Really Awful Movies: Ep 186 – The Hills Have Eyes (2006)



On today’s episode, a journey to the Valley of the Sun…”death” valley, as it were in this serviceable, yet flawed remake of the Wes Craven classic, The Hills Have Eyes.

In this 2006 flick, Alexandre Aja is behind the camera lens (he of, the new-wave French classic, Haute Tension and Piranha 3D). And we get a little preamble featuring some nuclear scientists in hazmat suits and Geiger counters, roaming around in a desert setting. Soon, they’re poleaxed / bludgeoned to death…and we know something is lurking in this highly radioactive locale.

Cut to a more conventional horror set-up: the road trip. There’s nothing more American than going away for a long weekend in an RV or a trailer with the family, and venturing out somewhere along one of the many interstates that dot the nation. In The Hills Have Eyes, the Carter Family (which includes pops, mom, their two daughters, son, grand-daughter and son-in-law) is out crossing the desert to try to get to California.

That staple of the horror film, the seedy gas station attendant, leads the Carters down the garden path when he suggests there’s a short-cut that’ll save the family “two hours!” Soon, a spiked belt stops the family’s pickup and Gulfstream trailer, sending them careening into a rock. And whoops, they’re stranded.

And we all know what’s lurkin’ in them hills.

On this episode of the Really Awful Movies Podcast, we explore the millennium phenomenon of remakes, the various horror franchises that were given a re-imagining in the 2000s, how nuclear weapons/warfare is treated in the original Hills Have Eyes compared with its successors, where Wes Craven stands in the pantheon of horror directors, the sensibilities of Alexandre Aja, characterizations that focus on Red / Blue state cultural differences, female characters, pet demises, and much much more!!!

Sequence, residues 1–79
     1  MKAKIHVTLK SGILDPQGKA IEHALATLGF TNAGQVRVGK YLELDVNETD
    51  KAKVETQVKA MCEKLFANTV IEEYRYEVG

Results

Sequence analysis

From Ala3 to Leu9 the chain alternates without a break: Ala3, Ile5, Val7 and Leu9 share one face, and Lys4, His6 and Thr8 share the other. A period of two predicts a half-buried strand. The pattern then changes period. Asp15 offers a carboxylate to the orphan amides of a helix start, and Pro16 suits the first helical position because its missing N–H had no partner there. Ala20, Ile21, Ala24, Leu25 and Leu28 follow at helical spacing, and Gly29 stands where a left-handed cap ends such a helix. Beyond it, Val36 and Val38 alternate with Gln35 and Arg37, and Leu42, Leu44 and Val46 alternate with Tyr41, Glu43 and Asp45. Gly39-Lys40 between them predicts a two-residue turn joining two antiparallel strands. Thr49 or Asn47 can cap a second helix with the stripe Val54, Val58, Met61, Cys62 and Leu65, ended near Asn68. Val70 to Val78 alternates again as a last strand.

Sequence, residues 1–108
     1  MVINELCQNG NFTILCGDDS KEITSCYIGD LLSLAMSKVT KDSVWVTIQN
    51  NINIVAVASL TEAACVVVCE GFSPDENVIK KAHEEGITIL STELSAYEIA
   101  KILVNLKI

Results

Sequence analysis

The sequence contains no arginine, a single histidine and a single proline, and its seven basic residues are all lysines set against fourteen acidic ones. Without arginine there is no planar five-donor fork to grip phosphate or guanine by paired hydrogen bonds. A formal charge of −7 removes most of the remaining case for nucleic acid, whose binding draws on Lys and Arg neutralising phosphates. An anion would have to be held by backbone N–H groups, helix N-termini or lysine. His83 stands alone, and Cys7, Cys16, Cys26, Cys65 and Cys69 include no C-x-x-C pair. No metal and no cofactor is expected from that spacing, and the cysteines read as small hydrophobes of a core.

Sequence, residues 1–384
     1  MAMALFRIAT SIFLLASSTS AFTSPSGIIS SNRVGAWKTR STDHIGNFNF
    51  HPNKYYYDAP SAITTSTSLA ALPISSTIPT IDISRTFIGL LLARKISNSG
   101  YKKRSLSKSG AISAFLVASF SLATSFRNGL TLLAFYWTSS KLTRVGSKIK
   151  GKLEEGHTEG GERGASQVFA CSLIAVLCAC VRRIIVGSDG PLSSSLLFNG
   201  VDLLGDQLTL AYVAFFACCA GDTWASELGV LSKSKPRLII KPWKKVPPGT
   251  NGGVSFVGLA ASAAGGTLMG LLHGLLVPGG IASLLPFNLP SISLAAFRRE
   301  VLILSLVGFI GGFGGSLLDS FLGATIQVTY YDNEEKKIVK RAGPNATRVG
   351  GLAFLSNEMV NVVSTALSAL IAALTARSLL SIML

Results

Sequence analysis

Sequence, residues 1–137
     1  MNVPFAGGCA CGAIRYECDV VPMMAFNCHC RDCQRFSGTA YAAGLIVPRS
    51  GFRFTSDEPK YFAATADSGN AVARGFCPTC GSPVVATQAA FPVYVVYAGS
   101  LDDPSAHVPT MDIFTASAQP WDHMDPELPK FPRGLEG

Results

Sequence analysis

Tune in each and every week to the Really Awful Movies Podcast for genre films of all stripes, predominantly horror.


Really Awful Movies: Ep 185 – Meatballs



It’s a rite of passage for many North American kids: being sent to summer camp. In the late 70s, early 80s, a spate of summer camp movies came out, usually with some maniac hell-bent on murdering counselors. However in Meatballs, we venture into uncharted territory on the Really Awful Movies Podcast, as this is our first “raunchy teen comedy.” No body count.

Both of us attended summer camp, with decidedly mixed results. It twas the best of times, it twas the worst of times, as we variously had a blast, or were socially shunned. It’s an experience many kids face. And who’s there to ease the transition, living on your own in the middle of the bush? Acne-addled camp counselors usually too preoccupied with, shall we say, other teen pursuits to properly care for the campers.

In Meatballs, there are rival camps – literally. We’ve got Mohawk, we’ve got North Star. And Tripper (played by Bill Murray), has a quip for all occasions. He is an aging camp counselor who befriends young social outcast Rudy, against a backdrop of the usual camp hi-jinks, the pantsing, the crappy mess hall beans, the inane athletic competitions, and of course, the awkward social dynamic between the boys and the girls.

This one was directed by Ivan Reitman, the Canadian legend best-known for Ghostbusters, Dave, and Twins (and to horror fans, for Cannibal Girls). Does this film hold up this many years later? Take a gander at Bill Murray’s film debut, and get a sense of the mega-star he’d later become.

And join us every week on the Really Awful Movies Podcast, for fun, sharp, genre film discussions.